FAILED BINDER TRANSACTION !!!And that was it.
After a little investigation, I understood that we were sending too much data in our saved state Bundles.
The Bundle couldn’t be sent to the OS for safe keeping, so it was just getting dropped on the floor.
For actual users experiencing this situation, the result would be that when the app process was killed while in the background and they returned to it, it would launch from a fresh state rather than a restored one.
Less than ideal, sure.
But, at the time, it seemed like a graceful enough fallback for the particular edge case I was seeing that “fixing” it became a problem for the backlog.
But then, Nougat happened.
I suspected TransactionTooLargeException would sneak up on a lot of developers, and those suspicions were confirmed when I started seeing all the Stack Overflow questions and “bugs” filed with the Android Issue Tracker, like “TransactionTooLargeException on pausing app”.
The message from Google, though, was clear:StatusWon’t Fix (Intended behavior)And that’s when I decided to do something about it.
The ProblemBefore talking about our solution, let’s first go a little deeper into the actual problem.
At its core, Android is just a customized version of Linux in which each application runs in its own separate process.
This is true of the core functionality of the operating system itself, which runs in a process very creatively named system_process.
In order for an application to function, it needs to communicate with system_process via a special form of inter-process communication (IPC) called “Binder IPC”.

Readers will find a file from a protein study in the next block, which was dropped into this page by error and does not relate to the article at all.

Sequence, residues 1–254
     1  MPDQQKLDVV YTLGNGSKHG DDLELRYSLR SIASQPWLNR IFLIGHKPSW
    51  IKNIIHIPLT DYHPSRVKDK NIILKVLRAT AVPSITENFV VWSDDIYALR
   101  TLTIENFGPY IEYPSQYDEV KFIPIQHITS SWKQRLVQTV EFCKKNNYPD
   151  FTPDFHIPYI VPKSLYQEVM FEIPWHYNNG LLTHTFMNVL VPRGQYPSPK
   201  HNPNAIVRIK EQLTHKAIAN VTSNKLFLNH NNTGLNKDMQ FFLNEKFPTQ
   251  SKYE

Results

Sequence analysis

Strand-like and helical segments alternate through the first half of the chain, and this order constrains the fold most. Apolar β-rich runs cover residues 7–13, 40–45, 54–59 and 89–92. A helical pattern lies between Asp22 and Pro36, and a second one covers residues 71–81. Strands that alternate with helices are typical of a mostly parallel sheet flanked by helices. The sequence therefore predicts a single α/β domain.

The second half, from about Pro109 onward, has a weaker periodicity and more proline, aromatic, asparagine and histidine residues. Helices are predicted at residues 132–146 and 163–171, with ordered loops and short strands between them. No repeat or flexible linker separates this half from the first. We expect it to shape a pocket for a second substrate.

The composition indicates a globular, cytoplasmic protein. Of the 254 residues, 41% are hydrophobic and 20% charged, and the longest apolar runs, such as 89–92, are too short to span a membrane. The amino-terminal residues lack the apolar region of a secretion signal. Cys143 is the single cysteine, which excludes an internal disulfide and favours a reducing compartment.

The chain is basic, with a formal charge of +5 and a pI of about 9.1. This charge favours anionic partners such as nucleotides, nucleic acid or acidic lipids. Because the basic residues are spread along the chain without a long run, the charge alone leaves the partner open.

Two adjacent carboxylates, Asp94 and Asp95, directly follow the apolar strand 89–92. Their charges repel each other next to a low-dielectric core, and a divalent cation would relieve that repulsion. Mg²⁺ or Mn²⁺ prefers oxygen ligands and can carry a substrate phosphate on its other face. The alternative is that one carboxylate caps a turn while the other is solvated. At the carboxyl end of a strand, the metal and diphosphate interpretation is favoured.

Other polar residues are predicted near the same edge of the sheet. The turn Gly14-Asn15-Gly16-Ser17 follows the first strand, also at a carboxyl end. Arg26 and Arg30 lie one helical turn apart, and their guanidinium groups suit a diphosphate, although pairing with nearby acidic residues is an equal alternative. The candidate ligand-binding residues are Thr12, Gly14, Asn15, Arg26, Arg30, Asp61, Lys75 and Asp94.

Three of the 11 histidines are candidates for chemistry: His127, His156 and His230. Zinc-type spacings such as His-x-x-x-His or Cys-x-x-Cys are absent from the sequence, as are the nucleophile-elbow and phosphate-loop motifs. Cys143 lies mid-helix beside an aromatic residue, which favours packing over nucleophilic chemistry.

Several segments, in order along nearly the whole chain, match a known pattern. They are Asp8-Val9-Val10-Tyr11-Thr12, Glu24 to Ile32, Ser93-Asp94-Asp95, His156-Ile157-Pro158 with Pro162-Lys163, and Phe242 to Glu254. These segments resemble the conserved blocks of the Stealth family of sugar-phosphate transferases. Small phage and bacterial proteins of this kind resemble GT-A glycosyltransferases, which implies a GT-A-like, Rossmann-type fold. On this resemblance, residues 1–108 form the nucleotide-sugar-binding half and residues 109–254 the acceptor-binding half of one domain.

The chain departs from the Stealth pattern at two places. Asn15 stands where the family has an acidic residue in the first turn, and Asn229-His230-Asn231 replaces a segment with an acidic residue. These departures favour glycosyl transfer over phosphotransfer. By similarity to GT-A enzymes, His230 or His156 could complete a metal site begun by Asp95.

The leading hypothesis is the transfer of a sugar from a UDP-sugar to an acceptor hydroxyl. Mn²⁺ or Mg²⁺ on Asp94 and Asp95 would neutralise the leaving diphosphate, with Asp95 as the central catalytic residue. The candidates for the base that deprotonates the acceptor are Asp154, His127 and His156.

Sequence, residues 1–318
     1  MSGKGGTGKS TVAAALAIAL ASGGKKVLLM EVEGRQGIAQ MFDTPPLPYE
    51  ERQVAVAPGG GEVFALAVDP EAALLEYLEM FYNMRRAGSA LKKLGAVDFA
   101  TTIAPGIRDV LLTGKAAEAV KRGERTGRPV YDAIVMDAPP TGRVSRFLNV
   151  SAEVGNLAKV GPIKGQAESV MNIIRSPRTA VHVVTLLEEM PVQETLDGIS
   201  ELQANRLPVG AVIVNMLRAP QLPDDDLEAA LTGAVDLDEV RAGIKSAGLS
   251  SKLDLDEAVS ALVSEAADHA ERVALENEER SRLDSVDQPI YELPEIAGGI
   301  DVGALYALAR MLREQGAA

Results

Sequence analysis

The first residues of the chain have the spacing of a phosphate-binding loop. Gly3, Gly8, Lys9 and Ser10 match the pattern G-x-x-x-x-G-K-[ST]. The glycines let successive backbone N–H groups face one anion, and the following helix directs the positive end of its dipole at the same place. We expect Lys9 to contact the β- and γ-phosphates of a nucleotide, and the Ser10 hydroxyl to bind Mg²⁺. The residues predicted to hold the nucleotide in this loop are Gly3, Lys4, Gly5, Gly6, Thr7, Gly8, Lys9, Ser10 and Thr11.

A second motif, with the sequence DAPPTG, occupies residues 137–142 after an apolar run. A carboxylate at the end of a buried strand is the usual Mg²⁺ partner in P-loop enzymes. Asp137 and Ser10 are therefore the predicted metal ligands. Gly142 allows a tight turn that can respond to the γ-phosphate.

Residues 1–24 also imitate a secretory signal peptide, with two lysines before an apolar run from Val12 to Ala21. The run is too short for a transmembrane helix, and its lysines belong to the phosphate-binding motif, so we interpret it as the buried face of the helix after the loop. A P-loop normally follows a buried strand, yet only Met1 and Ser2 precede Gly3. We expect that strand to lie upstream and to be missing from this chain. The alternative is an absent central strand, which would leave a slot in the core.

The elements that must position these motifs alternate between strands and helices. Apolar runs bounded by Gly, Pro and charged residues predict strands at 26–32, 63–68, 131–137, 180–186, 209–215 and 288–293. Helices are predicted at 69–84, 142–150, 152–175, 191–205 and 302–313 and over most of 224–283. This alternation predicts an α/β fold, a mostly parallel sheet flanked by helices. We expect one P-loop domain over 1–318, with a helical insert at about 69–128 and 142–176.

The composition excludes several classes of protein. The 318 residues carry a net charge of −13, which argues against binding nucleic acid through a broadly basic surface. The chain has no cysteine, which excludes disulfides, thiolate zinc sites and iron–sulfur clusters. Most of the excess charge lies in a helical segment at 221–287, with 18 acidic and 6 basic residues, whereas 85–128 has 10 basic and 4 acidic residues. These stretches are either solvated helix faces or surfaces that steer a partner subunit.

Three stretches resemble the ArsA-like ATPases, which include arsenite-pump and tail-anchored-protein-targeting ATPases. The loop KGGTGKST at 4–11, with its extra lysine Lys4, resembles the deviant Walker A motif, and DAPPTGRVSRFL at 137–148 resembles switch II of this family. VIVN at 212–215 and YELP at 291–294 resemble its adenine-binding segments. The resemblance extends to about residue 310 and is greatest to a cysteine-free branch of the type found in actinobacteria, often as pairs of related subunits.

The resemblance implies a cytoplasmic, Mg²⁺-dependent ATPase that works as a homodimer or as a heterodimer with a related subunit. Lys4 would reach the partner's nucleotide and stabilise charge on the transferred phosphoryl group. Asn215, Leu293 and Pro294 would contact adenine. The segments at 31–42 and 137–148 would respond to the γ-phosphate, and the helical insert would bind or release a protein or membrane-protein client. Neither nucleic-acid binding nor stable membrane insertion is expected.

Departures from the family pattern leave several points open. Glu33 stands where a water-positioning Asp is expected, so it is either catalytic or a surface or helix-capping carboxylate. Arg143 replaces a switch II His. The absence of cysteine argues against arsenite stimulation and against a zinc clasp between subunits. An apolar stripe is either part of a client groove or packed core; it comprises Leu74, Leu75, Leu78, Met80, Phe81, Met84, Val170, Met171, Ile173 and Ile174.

You application process communicates with the OS’s system_process via Binder transactions.
The Binder framework is a fascinating topic that gets to the core of how Android works (and has a history stretching back to Palm OS) but I’ll summarize a few relevant details here:Binder IPC allows communication to occur synchronously in each process via a “transact” method.
These “Binder transactions” pass data between the processes via highly optimized data containers called Parcel.
Several familiar Android objects like Intent, Bundle, and Parcelable are ultimately packaged in Parcel objects in order to communicate with system_process.
Creating / starting / stopping / pausing / resuming / etc.
an Android Activity all involve making Binder transactions.
Each app process has a 1 MB buffer for all Binder transactions.
That last key point is critical : if at any point one of the Parcels becomes so large that its corresponding transaction overflows the 1 MB buffer, we say that the transaction was too large.
Hence we get the name, TransactionTooLargeException.
If a Binder transaction pushes the buffer past the 1 MB limit, a TransactionTooLargeException is triggered.
To make matters worse, because the 1 MB limit is on the *buffer* and not on an individual *transaction*, the transactions that actually push things over the limit are typically much smaller and more like ~0.
Unless you’re simply storing a few primitives here and there, that’s not a lot of data.
This brings us to one of the key places this can all go wrong in an app : onSaveInstanceState.
An example implementation might look something like the following:This method is called in an Activity when it is in the process of being placed in the “stopped” state.
When that happens, the OS needs to acquire all the relevant information for that Activity that it might need to later “restore” it, whether that’s after a configuration change or when the app’s process is killed while backgrounded and the user returns to it.
The data collected in the Bundle passed to this method is then converted to a Parcel and sent directly to system_process via a Binder transaction.